From the Forum – Roommate up to sketchy things?

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Roommate up to sketchy things?

“So I’ve been living in my current apartment (2bd/1ba) for a few months now. It’s a great location near Dupont, and definitely below market rate for the area. Walk to work, everywhere, decent size, etc. All in all, I’m getting a pretty good deal.

My question regards my roommate. I got the apartment through Craigslist, and my lease is a month-to-month sublet agreement is with the current roommate only, not the landlord, who’s a local guy who owns the whole building.

My roommate has been fine mostly, but I’m occasionally concerned about what he does for a living. He told me when I was moving in that he was a “freelance” graphic designer or something, but I doubt that. I suspect that he may be into possibly selling drugs or being a male escort to support himself. If he is into those, I don’t think he brings it back to our place–I don’t see any random characters at our place, at least not while I’m there. I’m just sorta concerned that some s***t could go down and potentially affect me, personally or legally.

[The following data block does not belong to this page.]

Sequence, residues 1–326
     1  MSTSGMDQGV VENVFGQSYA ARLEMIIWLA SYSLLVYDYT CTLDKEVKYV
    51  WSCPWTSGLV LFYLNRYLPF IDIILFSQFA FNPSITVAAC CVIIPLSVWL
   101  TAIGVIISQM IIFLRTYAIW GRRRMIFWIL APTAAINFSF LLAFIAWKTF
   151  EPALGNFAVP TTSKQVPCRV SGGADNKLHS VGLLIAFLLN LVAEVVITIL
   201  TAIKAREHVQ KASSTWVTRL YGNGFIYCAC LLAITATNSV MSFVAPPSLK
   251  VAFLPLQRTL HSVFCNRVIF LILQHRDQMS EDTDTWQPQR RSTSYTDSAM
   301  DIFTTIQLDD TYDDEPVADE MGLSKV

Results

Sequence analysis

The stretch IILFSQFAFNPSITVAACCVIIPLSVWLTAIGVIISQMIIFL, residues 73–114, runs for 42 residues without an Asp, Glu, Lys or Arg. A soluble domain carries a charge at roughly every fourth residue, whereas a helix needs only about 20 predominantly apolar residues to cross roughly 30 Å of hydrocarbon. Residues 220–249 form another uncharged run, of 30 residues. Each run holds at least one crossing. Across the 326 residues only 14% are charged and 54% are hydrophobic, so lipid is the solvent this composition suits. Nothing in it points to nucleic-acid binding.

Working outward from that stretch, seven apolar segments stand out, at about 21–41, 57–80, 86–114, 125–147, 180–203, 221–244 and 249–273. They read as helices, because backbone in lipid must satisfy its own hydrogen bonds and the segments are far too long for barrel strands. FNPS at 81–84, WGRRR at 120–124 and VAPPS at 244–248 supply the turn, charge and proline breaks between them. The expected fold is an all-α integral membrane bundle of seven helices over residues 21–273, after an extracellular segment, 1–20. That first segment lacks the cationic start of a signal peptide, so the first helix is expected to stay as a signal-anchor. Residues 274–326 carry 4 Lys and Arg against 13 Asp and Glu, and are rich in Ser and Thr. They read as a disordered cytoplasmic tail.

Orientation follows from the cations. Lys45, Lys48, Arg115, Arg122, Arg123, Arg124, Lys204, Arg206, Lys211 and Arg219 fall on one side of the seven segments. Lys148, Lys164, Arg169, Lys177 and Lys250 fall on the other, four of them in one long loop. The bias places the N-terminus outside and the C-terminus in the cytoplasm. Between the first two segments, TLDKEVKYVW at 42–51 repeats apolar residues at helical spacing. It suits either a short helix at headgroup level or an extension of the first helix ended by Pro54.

Does anyone have experience with a similar situation? Do I have any potential risks from this situation? I’m torn between wanting to get the h**l out of Dodge and minding my own business with it. He’s been a fine roommate so far, and as an entry-level 20-something with a salary to match, I don’t want to have to search for another apartment.”

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65 Comment

  • What exactly makes you suspect he’s selling drugs or is a male escort?

  • “I suspect that he may be into possibly selling drugs or being a male escort to support himself.” Why? Nothing from your post would suggest either of those scenarios. Maybe it is just a case of your roommate keeping his private life to himself. Just because he doesn’t go into detail about his occupation, doesn’t make him a hooker or drug dealer. And from your paranoid post, I can see why he wouldn’t want to share more with you.

  • I had a roommate like you once, OP. Let me guess: Fed job, decent salary, young lawyer?